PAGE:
We needed to get up early to catch the bus back to Dublin, Eamonn and I. And Maeve got up early too. She and I ate buttered toast and played with the neighbor’s dog who had come into the kitchen to warm himself against the electric heater. We smiled at each other as Eamonn bustled about, sharing a secret, even though we didn’t know exactly what that secret was. There was a radio on the counter, tuned into the early morning pop music program. The host of the show announced that he was going to debut the first single off of U2’s as yet unreleased new album. Then he played “With or Without You.” We all got quiet. The hair on the back of my neck stood up.

When The Joshua Tree was released on Saint Patrick’s Day I was still under the hangover of that vacation, still in Ireland more than in Philadelphia. I made two purchases that evening, the album, and a bottle of Black Bush, my favorite Irish whiskey. I remember sitting on the floor of my apartment next to the turntable. (This would be the last record I would buy before going digital.) I opened the bottle and poured myself a glass.

The music came tumbling out. And it was great! The first song, “Where the Street Have No Name,” set a rising momentum that went straight to the gut, introduced the album, and did not relent. “I Still Haven’t Found What I’m Looking For,” the second song in the opening trilogy, established themes of irresolvable longing and spiritual yearning, mature themes that still resonate with me today. “With or Without You” is a song I will always be too close to to render an objective opinion.

Time passed. I wrote letters to Maeve. She wrote letters to me. I quit my job in early 1989 and went back to Ireland to be with her. We had our love affair, intense, full-blown. She came to the States. I went back to Ireland. In the end, I was not brave enough to make the commitment she clearly wanted. When she told me over the phone that she was getting married in the spring of 1993, I jumped on a plane to Ireland with the gloriously stupid notion of stopping the wedding.

Ireland is not the same. By the early 1990’s, if the Celtic Tiger had not yet arrived, you could surely hear him coming. When Maeve pushed me into the cab on the last night I saw her, she implored me to not walk back to the house where I was staying, the crime rate in Dublin having increased hand in hand with the country’s growing prosperity.

U2 is still a great band. I still buy all their albums, still go to their concerts, just like in the old days. We have grown old together, I like to think. But they will not make another album like The Joshua Tree. Being a culmination of all of their work leading up to that moment, it was an album only young men could make, a final furious gesture before the onset of middle age and its required compromises, good or bad.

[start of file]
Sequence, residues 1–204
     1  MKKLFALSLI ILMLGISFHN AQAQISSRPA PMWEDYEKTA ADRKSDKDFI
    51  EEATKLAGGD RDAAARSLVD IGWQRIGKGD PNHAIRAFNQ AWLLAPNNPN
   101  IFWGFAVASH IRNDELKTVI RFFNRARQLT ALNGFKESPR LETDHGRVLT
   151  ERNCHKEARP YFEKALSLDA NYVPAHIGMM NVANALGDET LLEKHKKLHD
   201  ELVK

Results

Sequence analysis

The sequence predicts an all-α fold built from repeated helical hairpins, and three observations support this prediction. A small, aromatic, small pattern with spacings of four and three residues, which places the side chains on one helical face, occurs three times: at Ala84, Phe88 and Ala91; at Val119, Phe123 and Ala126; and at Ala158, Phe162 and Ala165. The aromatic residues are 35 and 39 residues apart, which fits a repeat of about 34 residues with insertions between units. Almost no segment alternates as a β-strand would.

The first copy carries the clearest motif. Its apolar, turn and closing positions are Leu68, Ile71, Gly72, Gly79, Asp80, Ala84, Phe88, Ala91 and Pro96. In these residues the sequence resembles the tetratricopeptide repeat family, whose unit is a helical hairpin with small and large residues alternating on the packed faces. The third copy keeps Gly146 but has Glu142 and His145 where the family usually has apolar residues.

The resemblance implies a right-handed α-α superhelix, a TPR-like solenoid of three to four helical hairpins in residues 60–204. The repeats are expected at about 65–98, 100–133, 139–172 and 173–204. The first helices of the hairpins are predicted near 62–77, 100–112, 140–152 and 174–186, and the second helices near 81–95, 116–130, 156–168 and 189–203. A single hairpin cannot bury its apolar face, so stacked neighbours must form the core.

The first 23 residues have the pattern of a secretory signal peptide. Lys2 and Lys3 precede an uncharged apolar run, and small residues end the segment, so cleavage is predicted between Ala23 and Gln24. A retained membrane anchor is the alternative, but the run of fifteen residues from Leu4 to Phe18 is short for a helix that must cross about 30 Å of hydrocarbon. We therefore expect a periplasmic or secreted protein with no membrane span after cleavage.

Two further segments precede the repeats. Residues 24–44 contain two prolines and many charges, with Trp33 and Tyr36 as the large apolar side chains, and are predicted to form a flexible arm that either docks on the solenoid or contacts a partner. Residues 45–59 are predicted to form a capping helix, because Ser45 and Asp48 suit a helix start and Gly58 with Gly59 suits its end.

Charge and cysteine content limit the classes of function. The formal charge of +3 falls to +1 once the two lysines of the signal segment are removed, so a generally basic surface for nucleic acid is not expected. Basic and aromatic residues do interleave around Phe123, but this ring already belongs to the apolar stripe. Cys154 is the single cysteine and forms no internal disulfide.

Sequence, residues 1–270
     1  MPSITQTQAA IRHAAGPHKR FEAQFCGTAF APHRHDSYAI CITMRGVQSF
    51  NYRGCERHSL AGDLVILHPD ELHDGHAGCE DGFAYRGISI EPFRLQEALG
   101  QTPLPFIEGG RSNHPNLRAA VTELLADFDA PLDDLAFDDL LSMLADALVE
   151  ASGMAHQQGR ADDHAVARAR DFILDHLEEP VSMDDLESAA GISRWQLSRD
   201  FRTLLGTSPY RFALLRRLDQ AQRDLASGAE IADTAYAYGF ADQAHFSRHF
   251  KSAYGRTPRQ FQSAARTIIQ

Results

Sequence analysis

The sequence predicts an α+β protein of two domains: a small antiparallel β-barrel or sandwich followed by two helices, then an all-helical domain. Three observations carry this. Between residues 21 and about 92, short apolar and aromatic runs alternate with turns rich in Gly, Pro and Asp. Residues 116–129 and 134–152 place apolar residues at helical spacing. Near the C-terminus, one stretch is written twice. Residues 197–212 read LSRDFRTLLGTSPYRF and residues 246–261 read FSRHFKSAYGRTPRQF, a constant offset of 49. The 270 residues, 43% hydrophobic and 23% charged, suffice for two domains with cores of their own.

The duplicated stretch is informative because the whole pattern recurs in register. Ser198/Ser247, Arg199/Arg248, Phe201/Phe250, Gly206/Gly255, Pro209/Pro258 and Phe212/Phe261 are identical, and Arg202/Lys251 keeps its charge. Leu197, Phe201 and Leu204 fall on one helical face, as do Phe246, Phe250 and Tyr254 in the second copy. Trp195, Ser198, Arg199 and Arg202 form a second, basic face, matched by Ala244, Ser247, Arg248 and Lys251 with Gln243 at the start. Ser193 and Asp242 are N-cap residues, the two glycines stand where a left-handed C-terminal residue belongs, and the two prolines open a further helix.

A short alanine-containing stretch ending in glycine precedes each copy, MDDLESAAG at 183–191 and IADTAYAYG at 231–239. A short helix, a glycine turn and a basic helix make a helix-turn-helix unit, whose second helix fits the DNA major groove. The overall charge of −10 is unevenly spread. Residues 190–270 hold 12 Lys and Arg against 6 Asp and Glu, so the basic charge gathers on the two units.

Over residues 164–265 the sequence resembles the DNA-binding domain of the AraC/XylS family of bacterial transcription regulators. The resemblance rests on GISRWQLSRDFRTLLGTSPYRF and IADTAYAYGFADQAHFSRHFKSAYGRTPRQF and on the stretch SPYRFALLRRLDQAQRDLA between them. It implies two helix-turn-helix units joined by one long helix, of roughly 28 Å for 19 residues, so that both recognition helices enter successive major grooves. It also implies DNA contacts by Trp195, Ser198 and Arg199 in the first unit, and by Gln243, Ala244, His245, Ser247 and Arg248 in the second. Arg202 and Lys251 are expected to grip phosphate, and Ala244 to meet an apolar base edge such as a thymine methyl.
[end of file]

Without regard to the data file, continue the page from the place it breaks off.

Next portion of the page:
In the narrative that each of us constructs with our memories, there are certain watershed moments after which everything seems to change. On the night of March 17, 1987, I played the album all the way through. I flipped the record over and started again. I kept playing it all night, pouring more whiskey as I went.

Sunday, March 16, 2008

Mockingbird; church

We decided to take some photos of St. Peter's today and upon arriving were immediately serenaded by this mockingbird. Well, actually, we weren't being serenaded. He could not have been more indifferent to our presence. Instead, he was showing off for any potential mates who might have been within hearing range. Cardinal songs seem to be a favorite with mockingbirds, and that was the case with this fellow. He did every cardinal song he knew, even the obscure stuff.

Saturday, March 15, 2008

Naomi Street, then and now

Naomi Street, separated by about a century. Are those the same trees? If so, it's rather humbling to think that they are still there, but not those people.

Friday, March 14, 2008

Sycamore shadow

Sunday afternoon on Naomi Street.

Thursday, March 13, 2008

Seeing stars, part two

A star hangs over Johnson Street.

Wednesday, March 12, 2008

Seeing stars

Closeup of ornamental grass in the Blue Bell Hill traffic circle, Sunday afternoon.

Tuesday, March 11, 2008

Two for one

I saw my first dandelion of the season on Kingsley Street, near Wissahickon Avenue, on Sunday afternoon. I rushed forward with my camera, lined it up in the view finder, and suddenly this guy showed up.

Monday, March 10, 2008

Hangin' with my buds

Forsythia buds, off of my front porch, Sunday afternoon, March 9.

Sunday, March 9, 2008

Six years ago

That's my Uncle Bernard. On the right, age fifteen, his high school graduation picture (he was the youngest in his class, having been advanced two years). On the left, age sixty-five, leaving for his fifty-year reunion in 1990. I took that one. My mother and I bought him those clothes, got him ready, and I drove him from his farm outside of the tiny village of Davidsburg, in York County, Pennsylvania, to the site of the reunion down in Emigsville.